If there’s one thing that’s wrong with this country, it’s that our poor, overworked, not-nearly-pampered enough children have too much reading to do. Why, there’s Twitter (“#lindsaylohan Hate when i record a show, then i dont have the episode that follows it!”), Facebook (“Yassi is missing old the days”), and SMS (“I was like LOL”), not to mention a myriad of long and complex bus and roadway signs.
What a shock it must be, then, for these little darlings to show up at school and be told by a teacher that they have to go through the entire 250-page Tom Sawyer! (Bowdlerized version, of course.) Or, Lord help them, the massive 600-page Invisible Man. And let’s not even mention the cruelty inherent in assigning any Dickens novel — littered, as they are, with sentences of more than eight words! It would take an ordinary high school or college student years to read one of these books. Which means that by the time he got to the end, he would have forgotten what took place at the beginning.
Luckily, the stalwart, not to say patriotic, publishing firm CliffsNotes looked with horror at what this nation’s future adults faced, and so that company designed its famous yellow-and-black summaries which cut student labor by at least fifty percent. For example, Tom Sawyer is down to a slim 96 pages in the CliffsNotes’ version, and Ellison’s book shrinks to just over 100. As one grateful student said in an Amazon review:
I had the read Ellison’s Invisible Man for AP Literature — and after struggling through the first five unbearably long chapters — I made a decision — To through th book out the window!!! Save yourself the agony of reading this “great” work of American literature — buy the cliffs notes — they have all of the info w/o the boring stuff!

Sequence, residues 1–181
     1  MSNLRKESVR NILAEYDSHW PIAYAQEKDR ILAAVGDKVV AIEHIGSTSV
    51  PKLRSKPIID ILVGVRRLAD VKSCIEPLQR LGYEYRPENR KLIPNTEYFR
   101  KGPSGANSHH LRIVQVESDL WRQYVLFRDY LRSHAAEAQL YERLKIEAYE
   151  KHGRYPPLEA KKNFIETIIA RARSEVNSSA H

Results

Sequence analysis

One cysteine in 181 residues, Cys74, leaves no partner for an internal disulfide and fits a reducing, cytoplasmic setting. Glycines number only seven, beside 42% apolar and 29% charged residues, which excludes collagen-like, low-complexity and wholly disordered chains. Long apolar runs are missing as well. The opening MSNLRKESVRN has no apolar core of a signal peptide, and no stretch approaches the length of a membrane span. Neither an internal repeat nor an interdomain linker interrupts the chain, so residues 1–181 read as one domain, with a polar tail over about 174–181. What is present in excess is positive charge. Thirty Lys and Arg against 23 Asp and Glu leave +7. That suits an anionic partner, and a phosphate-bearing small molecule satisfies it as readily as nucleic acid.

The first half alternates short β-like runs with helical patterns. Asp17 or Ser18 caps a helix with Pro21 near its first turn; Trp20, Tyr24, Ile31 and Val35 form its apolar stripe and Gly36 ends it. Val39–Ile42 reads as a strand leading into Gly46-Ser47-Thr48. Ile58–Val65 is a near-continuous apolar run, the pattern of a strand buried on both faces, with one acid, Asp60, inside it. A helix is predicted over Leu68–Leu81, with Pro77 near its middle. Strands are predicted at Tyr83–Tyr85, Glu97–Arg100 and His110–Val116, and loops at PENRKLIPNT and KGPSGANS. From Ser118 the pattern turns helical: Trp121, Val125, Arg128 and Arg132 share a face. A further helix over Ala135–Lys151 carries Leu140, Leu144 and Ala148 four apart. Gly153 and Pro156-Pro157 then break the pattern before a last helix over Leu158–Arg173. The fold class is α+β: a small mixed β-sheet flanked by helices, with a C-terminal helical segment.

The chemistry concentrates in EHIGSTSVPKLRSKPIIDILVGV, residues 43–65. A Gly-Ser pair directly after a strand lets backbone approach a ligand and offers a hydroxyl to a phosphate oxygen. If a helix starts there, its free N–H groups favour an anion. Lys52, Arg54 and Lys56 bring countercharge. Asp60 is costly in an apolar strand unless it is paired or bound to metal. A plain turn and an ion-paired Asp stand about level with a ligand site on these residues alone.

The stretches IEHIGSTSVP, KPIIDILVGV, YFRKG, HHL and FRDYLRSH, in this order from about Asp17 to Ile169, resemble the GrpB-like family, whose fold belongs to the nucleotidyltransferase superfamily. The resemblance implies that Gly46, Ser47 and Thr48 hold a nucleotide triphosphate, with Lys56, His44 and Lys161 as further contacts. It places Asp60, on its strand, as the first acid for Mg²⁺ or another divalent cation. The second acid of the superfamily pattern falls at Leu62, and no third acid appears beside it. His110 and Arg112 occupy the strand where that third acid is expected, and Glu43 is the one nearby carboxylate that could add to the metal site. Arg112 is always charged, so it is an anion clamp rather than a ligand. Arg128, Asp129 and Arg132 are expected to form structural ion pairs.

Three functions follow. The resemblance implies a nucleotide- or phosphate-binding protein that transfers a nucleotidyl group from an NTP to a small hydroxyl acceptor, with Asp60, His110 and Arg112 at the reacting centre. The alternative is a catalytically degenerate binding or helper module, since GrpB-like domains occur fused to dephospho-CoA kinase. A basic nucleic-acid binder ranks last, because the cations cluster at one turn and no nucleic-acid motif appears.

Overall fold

You could almost see the tears of relief on his cheek, no?
But that was, as they say, then. And this is now. By God, civilization has moved beyond the printed word! We have iPhones, iPads, cell phones with apps aplenty. Why are we still forcing kids to read?
Well, we won’t, because CliffsNotes has not forgotten its mission. According to various news reports, that company is now producing brief internet videos of its famous crib notes which will be shown initially on AOL, since “everything in today’s world seems to be headed towards speedier and shorter ways to get information.”
Twain and Dickens are information you see; not art.
The Wall Street Journal’s Lauren Schuker quotes a John Wiley & Sons executive (that company owns CliffsNotes):
“In our culture, the word CliffNotes already carries great meaning and resonance — people use it as a descriptor for being concise,” said Marc Mikulich, Wiley’s vice president of brand management.
Of course, many think CliffsNotes a descriptor for laziness and ignorance, with more than a whiff of deception. But those who think this do so because they are inflexible and reactionary and too stuck in their old ways. They are also probably not sufficiently worshipful of Steve Jobs.
Anyway, these new “study aides” won’t be dry, talking-head videos either; no sir. They will be “humorous shorts.” And not just humorous, but “irreverent,” too. Yet CliffsNotes says these humorous, irreverent shorts will “still manage to present the plot, characters, and themes” of the assignments — I mean books.
When I read the The Old Curiosity Shop, I too laughed when Little Nell died — a burst of hilarity which was induced by pages that weren’t even in color, let alone 3D. So I can’t wait to see how uproariously irreverent CliffsNotes’ version will be. I look forward eagerly to Native-American Joe’s death scene. And just imagine Miss Havisham in her tattered dress! Maybe Pip can accidentally spill some tomato juice on it and put the old bag in her place. How irreverent! Ha ha!
The best news is, as it should be, saved for last. Mark Burnett, a “reality-show producer” (Are You Smarter Than a 5th Grader?), is charged with making the videos, which will run a full five minutes. But five minutes is an eternity in our go-go, busy-busy, click-swipe world! Thus, for each video of such interminable length, a “shorter one-minute version will also be made available on mobile telephones, as an emergency refresher before a test.”
Only American ingenuity could take a work as serious as Hamlet and boil it down to one humorous, irreverent minute. God bless us, every one!